Nightmares after reading NMB is a common reaction, which is strange to me, but I get it. I have a kind of “blindness” towards the high emotionality or darkness of the project because dealing with those feelings had to become a mathematical process with the rewrites and edits. A level of distance was required, but oh absolutely, writing this book freaked me out. Especially when I had to write about darker, low vibrational entities. It’s also not exactly joyful to wake up every morning to work on scenes that are super unsettling. I wasn’t like “yippee, another morning of animal torture.” If you are asking me: did writing NMB rob me of experiencing my life and the world around me, with more peace and joy? Absolutely. I understand that this was required, but oh yeah.
There’s a dreamy quality to NMB that’s hard to pin down but becomes noticeable when you cruise through 50 pages of the boys’ relentlessly hysterical dialogue about whatever high school bullshit, MTV musings, Fiona Apple sob stories, Rose McGowan’s tits, Shane’s emotional spasms, Hot Topic satanism — and so on — and suddenly realize how much Brad has subtly, but drastically transformed, to the point that, seemingly like Brad himself, you’re wondering how you got here. It’s astonishing how addictive and deliriously paced NMB is — and how true-to-life this feels for how time seems to speed up and slip through the cracks when you’re losing touch with yourself the way Brad is. The pacing does seem meaningful and well-considered, but I’ll pose it as a question: how much of this was deliberate?
It means a lot to me. Bret taught me a term: “smart reader.” I would say you fall into this category. I absolutely was trying to make something feel hypnotic, stylish, immersive, and I was paying homage to the fast-cuts of MTV shows like The Hills and Laguna Beach. I was like, “Okay, instead of Lauren and Lo at Sephora talking about what lipstick to buy,” we’re going to make this, “The boys parked during lunch break and talked shit about Fiona Apple.” I wanted to create fast visceral vignettes. My original vision was just to write a book with dialogue and imagery setting up the scene for the viewer to watch. The pace is supposed to mirror Brad’s loss of self and identity and how he is self-aware of how vapid the destruction he is creating. As you know, I never leave the reader alone about his thoughts of him being the producer of his own-self sabotage.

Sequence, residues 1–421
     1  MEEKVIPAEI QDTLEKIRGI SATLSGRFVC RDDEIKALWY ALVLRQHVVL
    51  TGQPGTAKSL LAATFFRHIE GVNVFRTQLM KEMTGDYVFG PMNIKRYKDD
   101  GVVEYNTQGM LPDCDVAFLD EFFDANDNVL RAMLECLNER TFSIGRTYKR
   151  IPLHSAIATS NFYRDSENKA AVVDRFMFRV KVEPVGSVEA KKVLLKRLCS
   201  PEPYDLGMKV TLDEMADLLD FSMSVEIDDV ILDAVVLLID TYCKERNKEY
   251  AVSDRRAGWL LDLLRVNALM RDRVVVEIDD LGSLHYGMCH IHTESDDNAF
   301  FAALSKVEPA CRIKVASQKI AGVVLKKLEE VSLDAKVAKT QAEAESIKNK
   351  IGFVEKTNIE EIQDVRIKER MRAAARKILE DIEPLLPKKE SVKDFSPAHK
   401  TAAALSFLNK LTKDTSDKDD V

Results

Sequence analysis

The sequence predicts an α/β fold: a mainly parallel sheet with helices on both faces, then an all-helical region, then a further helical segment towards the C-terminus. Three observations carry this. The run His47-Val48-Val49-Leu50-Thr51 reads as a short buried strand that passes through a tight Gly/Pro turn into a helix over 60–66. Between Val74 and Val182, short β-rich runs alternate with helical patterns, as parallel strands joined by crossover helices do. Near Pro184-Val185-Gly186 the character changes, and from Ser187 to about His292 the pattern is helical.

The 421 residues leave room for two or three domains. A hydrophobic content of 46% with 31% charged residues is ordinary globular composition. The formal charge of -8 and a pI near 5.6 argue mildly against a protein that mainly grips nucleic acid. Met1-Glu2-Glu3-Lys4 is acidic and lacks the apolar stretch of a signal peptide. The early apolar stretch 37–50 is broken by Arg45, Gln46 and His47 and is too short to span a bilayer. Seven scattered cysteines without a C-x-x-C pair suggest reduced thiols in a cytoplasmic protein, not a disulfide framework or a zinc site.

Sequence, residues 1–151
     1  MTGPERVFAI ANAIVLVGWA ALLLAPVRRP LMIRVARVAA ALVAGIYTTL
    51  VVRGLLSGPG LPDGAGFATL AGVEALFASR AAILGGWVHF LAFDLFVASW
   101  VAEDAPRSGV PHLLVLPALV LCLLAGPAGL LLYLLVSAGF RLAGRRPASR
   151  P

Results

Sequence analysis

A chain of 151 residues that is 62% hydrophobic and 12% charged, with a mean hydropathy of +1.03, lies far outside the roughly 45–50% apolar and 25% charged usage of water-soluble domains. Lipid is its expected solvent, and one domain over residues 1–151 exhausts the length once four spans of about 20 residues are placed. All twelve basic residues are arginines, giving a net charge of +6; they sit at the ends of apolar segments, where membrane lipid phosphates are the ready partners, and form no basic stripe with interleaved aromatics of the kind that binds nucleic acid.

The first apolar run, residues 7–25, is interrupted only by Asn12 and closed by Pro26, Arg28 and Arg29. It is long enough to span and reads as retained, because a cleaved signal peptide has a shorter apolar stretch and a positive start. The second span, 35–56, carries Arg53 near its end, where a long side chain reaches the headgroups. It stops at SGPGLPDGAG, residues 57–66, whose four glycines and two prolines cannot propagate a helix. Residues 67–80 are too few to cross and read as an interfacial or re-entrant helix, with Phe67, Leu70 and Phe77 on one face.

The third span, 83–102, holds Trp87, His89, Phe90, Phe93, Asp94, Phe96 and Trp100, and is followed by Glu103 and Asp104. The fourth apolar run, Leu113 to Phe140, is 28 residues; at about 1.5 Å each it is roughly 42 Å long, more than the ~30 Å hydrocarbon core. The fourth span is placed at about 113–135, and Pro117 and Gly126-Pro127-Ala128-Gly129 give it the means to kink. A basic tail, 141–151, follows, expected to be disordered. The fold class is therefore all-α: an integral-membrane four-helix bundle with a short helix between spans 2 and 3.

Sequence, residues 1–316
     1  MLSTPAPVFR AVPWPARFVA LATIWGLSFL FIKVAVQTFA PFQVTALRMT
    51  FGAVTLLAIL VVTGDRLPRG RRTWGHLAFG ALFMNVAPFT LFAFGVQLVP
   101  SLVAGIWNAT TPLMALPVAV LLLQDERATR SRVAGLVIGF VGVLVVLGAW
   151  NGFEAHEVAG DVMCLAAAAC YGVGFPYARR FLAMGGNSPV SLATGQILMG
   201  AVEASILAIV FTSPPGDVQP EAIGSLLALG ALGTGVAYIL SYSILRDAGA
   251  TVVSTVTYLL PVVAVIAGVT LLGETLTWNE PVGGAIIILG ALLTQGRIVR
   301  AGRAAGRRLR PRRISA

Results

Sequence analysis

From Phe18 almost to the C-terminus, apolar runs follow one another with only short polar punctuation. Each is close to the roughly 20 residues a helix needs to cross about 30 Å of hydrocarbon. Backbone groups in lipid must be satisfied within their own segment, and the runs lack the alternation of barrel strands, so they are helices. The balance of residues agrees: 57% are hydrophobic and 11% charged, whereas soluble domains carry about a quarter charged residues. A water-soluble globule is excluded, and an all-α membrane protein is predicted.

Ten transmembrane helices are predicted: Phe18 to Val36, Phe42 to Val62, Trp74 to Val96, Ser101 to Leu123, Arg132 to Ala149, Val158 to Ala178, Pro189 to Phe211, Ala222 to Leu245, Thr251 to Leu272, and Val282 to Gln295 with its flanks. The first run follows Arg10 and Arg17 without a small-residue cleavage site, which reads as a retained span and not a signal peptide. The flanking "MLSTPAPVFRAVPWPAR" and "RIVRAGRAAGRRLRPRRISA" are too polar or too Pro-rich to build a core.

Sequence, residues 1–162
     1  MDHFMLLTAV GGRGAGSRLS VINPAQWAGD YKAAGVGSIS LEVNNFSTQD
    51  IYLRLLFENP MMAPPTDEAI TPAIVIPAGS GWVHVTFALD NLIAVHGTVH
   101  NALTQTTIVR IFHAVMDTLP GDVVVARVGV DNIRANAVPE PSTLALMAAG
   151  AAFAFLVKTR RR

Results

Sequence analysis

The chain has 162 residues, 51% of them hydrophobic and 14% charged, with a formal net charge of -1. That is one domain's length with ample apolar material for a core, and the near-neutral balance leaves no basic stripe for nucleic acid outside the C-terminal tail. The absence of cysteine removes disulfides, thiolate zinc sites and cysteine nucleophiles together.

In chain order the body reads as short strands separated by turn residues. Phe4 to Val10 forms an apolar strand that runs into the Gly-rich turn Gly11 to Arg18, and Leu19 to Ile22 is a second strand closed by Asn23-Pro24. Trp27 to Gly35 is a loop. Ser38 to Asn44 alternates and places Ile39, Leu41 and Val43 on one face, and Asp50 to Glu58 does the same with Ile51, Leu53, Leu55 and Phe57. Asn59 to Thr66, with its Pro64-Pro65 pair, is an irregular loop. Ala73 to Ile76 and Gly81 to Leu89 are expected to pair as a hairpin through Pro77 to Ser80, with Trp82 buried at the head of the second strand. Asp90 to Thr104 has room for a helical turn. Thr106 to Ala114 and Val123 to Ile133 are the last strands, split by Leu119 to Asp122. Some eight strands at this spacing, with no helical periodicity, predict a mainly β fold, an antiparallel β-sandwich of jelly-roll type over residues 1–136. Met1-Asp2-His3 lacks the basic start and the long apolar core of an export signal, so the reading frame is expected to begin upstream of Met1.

Of the three main boys — Brad, Shane, and Lusif — bad boy Lusif seems to have the most articulate understanding of the type of magick you cover in Pop Magick, and he succeeds accordingly, which speaks to not only the power of magick but the neutrality of magick, as Rose McGowan states in Pop Magick’s foreword: “Magick is neutral—neither good nor evil.” Is there an organization to the flow of magick within NMB or is that all completely left for interpretation?
I think Lusif was a big opportunity for me to share snippets of real stories about black magick. I mean, I know young girls who used The Satanic Bible out of curiosity and totally destroyed their lives by misusing it and evoking entities. I wanted to sort of portray this to the reader — the seduction of satanic aesthetics, demonology, to a teenager who is growing up with a huge rockstar that is encouraging or at least glamorizing this particular aesthetic. I definitely think maybe it was kind of unintentional showing Aurora being interested in Kabbalah, the highest-form of “light” magick, to then contrast that with Lu’s relationship with dark magick. I guess, these extremities are much less neutral due to the cinematic nature of the text.
Marilyn Manson looms over NMB in a way that’s very familiar to anyone who came of age during Columbine, and his presence in your book became all the more fascinating when I learned that you two are friends. How much did your relationship with Manson inform this book?
Yeah, oh absolutely. I mean, I put things Manson has said to me, texts, emails, soundbites into the book because I felt like I had to immortalize our relationship. There is something that Lu says in the snuff film scene, which is a direct quote of something Manson said to me at around 3 in the morning. We aren’t in touch anymore, but my experience with him, personally, was nothing but positive and I’m grateful for his support and artistic guidance, as a very ambitious young man.